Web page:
At the Cop26 summit in Glasgow, 104 countries have signed a commitment to reduce their methane emissions by 30% between 2020 and 2030.
The initiative has been led by the United States and the European Union and commits countries to cut down on emissions from methane, a greenhouse gas 80 times more potent than carbon dioxide in the short term.
Launching the pledge, European Commission president Ursula Von Der Leyen said: “Cutting back on methane emissions is one of the most effective things we can do… to keep to 1.5C. It is the lowest hanging fruit.”
She and US president Joe Biden stressed the non-climate benefits of reducing methane emissions too. Methane pollution contributes to asthma and other breathing problems and reduces crop yields, leading to poverty and hunger.
Vietnam’s president Nguyen Xuan Phuc called on rich countries to support developing ones in reducing methane emissions by giving finance and sharing technology and expertise.
He said: “This will enable developing poor countries to join in the reduction of methane emission in an effective way, thus contributing to the protection of our planet for a green, safe and sustainable earth.”
While most developed economies and many developing ones signed up for the pledge, big polluters including China, India, Russia, Australia, Turkey and South Africa did not.
Australia’s decision not to sign is thought to be a concession to the junior coalition partner in government. The National Party’s leader has said a 30% reduction in methane emissions would devastate the beef, feedlot, dairy and coal mining industries.
Methane escapes into the atmosphere in various ways including the process of producing coal, oil and gas; from landfills and from agriculture.
In its latest major climate science report in August, the Intergovernmental Panel on Climate Change highlighted that methane levels in the air were at their highest level in 800,000 years.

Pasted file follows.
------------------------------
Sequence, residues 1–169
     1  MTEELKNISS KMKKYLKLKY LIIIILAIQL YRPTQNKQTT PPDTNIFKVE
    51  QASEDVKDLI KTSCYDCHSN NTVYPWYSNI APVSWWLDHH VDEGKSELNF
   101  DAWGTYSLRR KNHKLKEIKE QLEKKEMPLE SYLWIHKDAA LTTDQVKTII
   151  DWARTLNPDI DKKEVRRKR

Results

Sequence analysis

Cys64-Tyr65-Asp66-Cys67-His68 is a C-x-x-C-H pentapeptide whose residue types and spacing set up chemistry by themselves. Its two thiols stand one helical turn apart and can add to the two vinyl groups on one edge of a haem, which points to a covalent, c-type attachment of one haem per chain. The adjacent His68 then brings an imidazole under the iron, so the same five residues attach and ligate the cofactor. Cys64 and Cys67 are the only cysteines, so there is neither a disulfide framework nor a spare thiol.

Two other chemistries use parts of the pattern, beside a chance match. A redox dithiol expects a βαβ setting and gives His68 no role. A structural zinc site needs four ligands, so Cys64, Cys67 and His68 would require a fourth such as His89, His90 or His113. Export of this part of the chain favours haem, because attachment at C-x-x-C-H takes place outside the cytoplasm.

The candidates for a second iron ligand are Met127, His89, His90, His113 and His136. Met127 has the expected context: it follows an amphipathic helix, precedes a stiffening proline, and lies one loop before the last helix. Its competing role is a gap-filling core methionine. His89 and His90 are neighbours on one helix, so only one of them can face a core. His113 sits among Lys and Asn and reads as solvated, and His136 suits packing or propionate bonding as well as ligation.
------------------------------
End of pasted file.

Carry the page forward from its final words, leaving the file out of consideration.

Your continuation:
Activists have used infrared cameras and methane monitors in recent years to show that methane emissions from oil and gas installations go widely underreported, calling for tighter regulation.
Campaigners welcomed the widespread adoption of the pledge. Dave Jones of think-tank Ember said: “The Global Methane Pledge is a game changing moment – it shows that the world is waking up to methane’s staggering climate impact.”
Ember analysis found that methane leaks from the world’s coal mines alone have a short-term warming impact greater than the entire EU’s carbon dioxide emissions.
Jones said: “For countries to cut as much methane as possible, they must target all sources. Coal mine methane is fairly quick and cheap to do something about and a massive contributor to global heating.”
Ani Dasgupta, CEO of the World Resources Institute said the move “can make a real difference”. He said: “Never before have countries come together to tackle this key part of the climate puzzle.”
He added: “The next step is for countries to put the pledge in motion with serious policies across agriculture, energy and waste. Solutions to tackle methane are readily available, cost-effective and bring wins for climate and development.”
But others said that countries should phase out fossil fuel production rather than just making the process cleaner. Earthworks thermographer Sharon Wilson said “the era of ever expanding oil and gas must stop”.
Methane from oil and gas production can be reduced by leak detection and repair and by capturing the gas to use as fuel rather than treating it as a waste product.
The US Environmental Protection Agency opened a public consultation on Tuesday on new rules to curb methane emissions from the oil and gas industry.
Some campaigners said Biden needed to go further and phase out fossil fuel production.
“We’re out of time to tinker around the edges on climate,” said Jean Su, energy justice director at the Center for Biological Diversity. “If Biden wants to be a true climate leader, he needs to set a near-zero methane leakage rate and end new oil and gas project approvals.”
Other ways to cut methane include capturing emissions from landfill sites to burn for electricity and changing the diet of cattle or reducing the headcount.